My Story: Living well with type 2 diabetes

Robin Swindell was diagnosed with Type 2 Diabetes in May 2013. He shares his top 3 practical tips for living well with type 2 diabetes.

Google “living well with Diabetes”, and amongst the more than three million results you will find no end of advice. Lots of what is shown is good advice, but almost all of it is of the “you must do this” and “you should not do that” type. Very little of it is practical, and most of it focuses on how to reduce the risk of developing complications; however well-intentioned this is, many people living with Type 2 Diabetes will find it off-putting to be reminded about these risks, and I think many would be more interested in hearing something more pragmatic. With this in mind, here are my top three practical tips for living well with Type 2 Diabetes;

(1) Learn about self-management

The time that those with Type 2 Diabetes spend with healthcare professionals represents just a fraction of 1% of the total experience of living with the condition. For the rest of our time we are very much on our own, so knowing that we need to be in charge of our care, and not reliant on others to direct it, is an important step. This covers everything we do; from the choices we make about diet, exercise and medication each day, to big decisions about the direction of our treatment and our lifestyles.

The first steps in this direction are to become better informed about your condition; If structured if it is available to you, I would strongly recommend it. For people with Type 2 Diabetes this will often be in the form of courses such as DESMOND or X-PERT which give advice about taking control of your diabetes, and Diabetes UK also hosts excellent Living with Diabetes Days around the UK where you can learn about the care you should get from the NHS, and take part in workshops on things like diet, exercise and medication. If these are not available to you, or you would like to refresh what you have learnt already from one, an online education course offered for free by Diabetes UK called Type 2 Diabetes and Me is for you.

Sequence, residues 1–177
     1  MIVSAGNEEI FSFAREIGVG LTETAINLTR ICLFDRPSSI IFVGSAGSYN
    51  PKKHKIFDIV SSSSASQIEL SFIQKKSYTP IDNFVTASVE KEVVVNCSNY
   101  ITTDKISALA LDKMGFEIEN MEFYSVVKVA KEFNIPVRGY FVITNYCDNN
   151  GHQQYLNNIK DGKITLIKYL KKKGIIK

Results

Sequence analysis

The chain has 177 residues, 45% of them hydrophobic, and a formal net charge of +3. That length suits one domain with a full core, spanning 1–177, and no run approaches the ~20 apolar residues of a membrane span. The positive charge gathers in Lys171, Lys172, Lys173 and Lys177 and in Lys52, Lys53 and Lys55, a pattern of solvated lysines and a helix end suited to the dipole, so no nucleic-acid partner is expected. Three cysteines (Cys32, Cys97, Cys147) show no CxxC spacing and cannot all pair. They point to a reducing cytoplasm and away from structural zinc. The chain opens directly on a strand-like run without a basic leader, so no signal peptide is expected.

(2) Peer support — Welcome to the club no one wants to be a member of!

No one wants to have Diabetes, but the benefit of meeting other people with the condition has been an unexpected and pleasurable surprise to me. In the three years since my diagnosis I have been lucky enough to meet a lot of other people living with all types of Diabetes. Many of these I have come to know through social media, some through Internet fora, and a good number in person. What connects them all is the advice, information, support and inspiration they have given me. It is easy for the challenges posed by living with Diabetes to seem insurmountable some days, and sharing day to day experiences with others always seems to make it seem a bit easier.

(3) Integrating lifestyle changes

Like so many people, I’m an expert at finding good excuses not to go to the gym; indeed the gym industry has become a rich one based on those of us who eagerly join a gym but don’t stick to their resolution to get fitter. For me, one of the keys to changing my lifestyle to a more active one has been to stop trying to add a visit to the gym at the end of a long working day, but looking to integrate exercise into my everyday life. Doing this will be different for everyone, but the starting point for me was making exercise part of my trip to work; some mornings it’s just getting off one station before my usual stop and walking a little further. Other mornings I run all the way to the office. I try not to consider one more “successful” than the other, but to think of them both as being positive.

My job is one that involves a lot of desk work, so I look to get up and move at least every hour, even if it is just walking down a couple of floors to get a cup of tea. If I can’t get away from my desk to stretch my legs, than I will stand up for 10 to 15 minutes, perhaps whilst on the phone.

I hope that these three ideas will resonate with others; the challenges of living with the condition may never go away, but with a positive approach to self-management, the support of your peers and making your lifestyle a more active one, I have no doubt that all of us living with Type 2 Diabetes can live well.

Robin Swindell

Robin Swindell was diagnosed with Type 2 Diabetes in May 2013, and manages the condition with diet, exercise and oral medication. He is a keen runner, occasional cyclist and can usually be found at Oak Hill parkrun at 9 o’clock on Saturday morning. He tweets as @fractis. Views expressed here are his own or more frequently those of his cat.